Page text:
Adnan Khashoggi will pay $32 million in cash to Triad America trustee R. Todd Neilson before Oct. 31 if Neilson and his army of attorneys can meet several conditions Khashoggi has set.
Details of the arrangement were revealed to the Deseret News by Neilson's attorneys Wednesday.Neilson, a Salt Lake accountant, has made tentative settlements with seven creditors - including First Security Bank and Zions First National Bank - for partial payment of their claims against Triad America. While the package of deals and Khashoggi's promised payment represents strong progress in a series of complex legal battles, the arrangement is still a tenuous house of cards.
The seven settlements depend on the $32 million from Khashoggi and a court ruling favoring substantive consolidation of the bankruptcy cases of Triad America and its several subsidiaries.
Khashoggi's payment, in turn, rests on several promises. In exchange for the cash, Neilson has agreed to obtain promises from Khashoggi's major creditors that they will not sue Khashoggi for further funds in the future, said Alan Sullivan, an attorney for Neilson.
If any of the major creditors refuses to make that assurance, Neilson must notify Khashoggi by Oct. 1. Khashoggi can then decide if he will waive an agreement from that particular creditor and go ahead with the deal, or if the deal falls through.
It will be up to Khashoggi to make that decision, said Danny Kelly, another attorney for Neilson.
Neilson and Khashoggi - and their various representatives - have agreed that if the deal is not consummated by Oct. 31, it is void.
"Halloween is the last day," Sullivan said. With few exceptions, each of the major creditors has claims against Khashoggi in excess of $1 million.
In addition to the $32 million, Khashoggi has also agreed to provide collateral for two debts totaling $27.2 million. Vertex Finances is seeking $21.3 million from Triad America while Euro Commerical Finances wants $5.9 million.
The Vertex loan was a personal loan made to Khashoggi, Kelly said. "That involves the Iranian arms deal," he said. "As far as we can tell, Vertex was the source of the $10 million for the deal."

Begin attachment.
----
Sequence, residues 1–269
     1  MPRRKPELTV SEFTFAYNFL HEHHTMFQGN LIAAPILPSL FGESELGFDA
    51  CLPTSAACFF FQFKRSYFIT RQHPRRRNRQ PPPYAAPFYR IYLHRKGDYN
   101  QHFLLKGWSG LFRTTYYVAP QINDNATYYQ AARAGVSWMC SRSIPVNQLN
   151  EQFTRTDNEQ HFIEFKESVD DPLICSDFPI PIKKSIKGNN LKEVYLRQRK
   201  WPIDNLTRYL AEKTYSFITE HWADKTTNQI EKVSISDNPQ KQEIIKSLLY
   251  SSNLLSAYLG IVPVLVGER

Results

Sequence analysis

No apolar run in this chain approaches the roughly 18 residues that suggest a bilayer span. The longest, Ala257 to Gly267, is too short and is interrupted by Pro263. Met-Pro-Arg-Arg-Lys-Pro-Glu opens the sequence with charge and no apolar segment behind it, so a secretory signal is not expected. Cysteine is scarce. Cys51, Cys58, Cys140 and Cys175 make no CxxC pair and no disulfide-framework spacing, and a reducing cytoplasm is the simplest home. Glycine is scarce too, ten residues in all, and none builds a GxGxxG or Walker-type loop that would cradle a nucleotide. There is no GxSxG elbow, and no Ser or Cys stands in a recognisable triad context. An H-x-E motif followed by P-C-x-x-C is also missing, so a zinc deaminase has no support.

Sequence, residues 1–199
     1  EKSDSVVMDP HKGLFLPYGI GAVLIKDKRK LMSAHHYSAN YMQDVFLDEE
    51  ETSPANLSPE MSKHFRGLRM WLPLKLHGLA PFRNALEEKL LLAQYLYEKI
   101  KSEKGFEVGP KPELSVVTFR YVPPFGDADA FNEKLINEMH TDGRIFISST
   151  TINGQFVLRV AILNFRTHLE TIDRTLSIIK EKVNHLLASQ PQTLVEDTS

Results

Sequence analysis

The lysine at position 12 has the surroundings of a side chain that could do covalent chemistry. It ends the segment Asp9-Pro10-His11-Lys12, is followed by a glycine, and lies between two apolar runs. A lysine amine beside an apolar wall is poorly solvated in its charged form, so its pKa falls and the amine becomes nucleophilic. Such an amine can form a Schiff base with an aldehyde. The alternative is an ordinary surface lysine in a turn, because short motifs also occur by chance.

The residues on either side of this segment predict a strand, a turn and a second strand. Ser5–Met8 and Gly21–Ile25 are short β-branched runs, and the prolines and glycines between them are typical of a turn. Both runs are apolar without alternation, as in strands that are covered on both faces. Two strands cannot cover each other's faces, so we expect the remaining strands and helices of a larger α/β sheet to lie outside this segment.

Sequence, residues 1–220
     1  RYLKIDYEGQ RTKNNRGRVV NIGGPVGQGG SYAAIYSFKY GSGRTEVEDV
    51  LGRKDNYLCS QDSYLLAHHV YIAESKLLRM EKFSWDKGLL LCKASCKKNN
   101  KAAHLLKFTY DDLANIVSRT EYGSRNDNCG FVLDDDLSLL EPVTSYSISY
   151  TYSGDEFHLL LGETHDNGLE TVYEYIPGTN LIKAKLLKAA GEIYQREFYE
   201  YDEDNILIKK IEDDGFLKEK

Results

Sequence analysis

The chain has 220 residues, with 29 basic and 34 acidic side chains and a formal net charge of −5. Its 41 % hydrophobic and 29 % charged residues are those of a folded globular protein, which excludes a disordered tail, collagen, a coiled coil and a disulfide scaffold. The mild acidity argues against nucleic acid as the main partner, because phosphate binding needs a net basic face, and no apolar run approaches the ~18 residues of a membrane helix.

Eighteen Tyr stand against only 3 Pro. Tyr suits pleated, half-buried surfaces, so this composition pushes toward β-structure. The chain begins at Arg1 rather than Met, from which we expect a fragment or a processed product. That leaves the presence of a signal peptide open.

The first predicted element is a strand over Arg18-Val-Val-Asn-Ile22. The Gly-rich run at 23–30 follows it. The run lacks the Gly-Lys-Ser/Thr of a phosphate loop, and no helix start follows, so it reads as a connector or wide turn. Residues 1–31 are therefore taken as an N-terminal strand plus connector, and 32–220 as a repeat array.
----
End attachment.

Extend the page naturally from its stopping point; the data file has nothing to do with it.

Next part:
Khashoggi used Triad America to secure the loan. Euro Commerical Finances claims it made a $5.9 million loan to Triad America. However, only $1.8 million was ever turned over to the company, Kelly said.
Originally, Khashoggi told Neilson he would take care of those debts himself, Kelly said. "Apparently he has been unable to do that." The companies are still pursuing Triad America for the money.
Now, Khashoggi has assured Neilson that if the court rules that Triad America has to pay any of those debts - except the $1.8 million the company did receive - Khashoggi will pay Triad America back.
To guarantee that assurance, he will put up collateral for the $27.2 million claims.
"It won't be just another promise from Khashoggi," Kelly said. Neilson's attorneys don't know what the collateral will be yet.
"It will probably be very liquid collateral, like a letter of credit or funds in a bank," Kelly said.
The settlement between Khashoggi and Neilson must be approved by bankruptcy court. The case is scheduled for early September, Sullivan said.
Khashoggi also agreed that his two brothers, Assam and Adil, will withdraw claims they have against Triad America. Adil will forgive a $2 million loan and Adnan will forgive two loans totaling $3.4 million.
Judge John H. Allen heard arguments for and against substantive consolidation Wednesday morning. Major creditors of Triad America and its bankrupt subsidiaries have withdrawn their objection to the consolidation in the wake of private settlements made with Neilson for partial payment of debts owed to them.
However, FIMSA - a subsidiary of First International Bank - urged Allen to proceed with the trial on substantive consolidation, including a public airing of the seven settlements. FIMSA's attorney, Mary Anne Wood, argued that her bank has no assurance that it will benefit from the substantive consolidation of the cases of the bankrupt companies.
However, FIMSA is not formally objecting to the consolidation. Wood said her client does not have the money to fight the case in court. She argued that interests of her client - and other unsecured creditors of Triad properties - were not represented in settlements made between Neilson and major creditors.
In behalf of the smaller, unsecured creditors, she urged Allen to proceed with the trial and allow smaller creditors to evaluate the details of the seven settlements or give a continuance and determine whether substantive consolidation would be in their interest.
Richard Pachulski, an attorney for Neilson, argued that there is no time to try the substantive consolidation. Some of the settlements are dependent on other proceedings in courts in other states. If those settlements are not finalized before those other proceedings are finished, "by definition, those settlements are dead."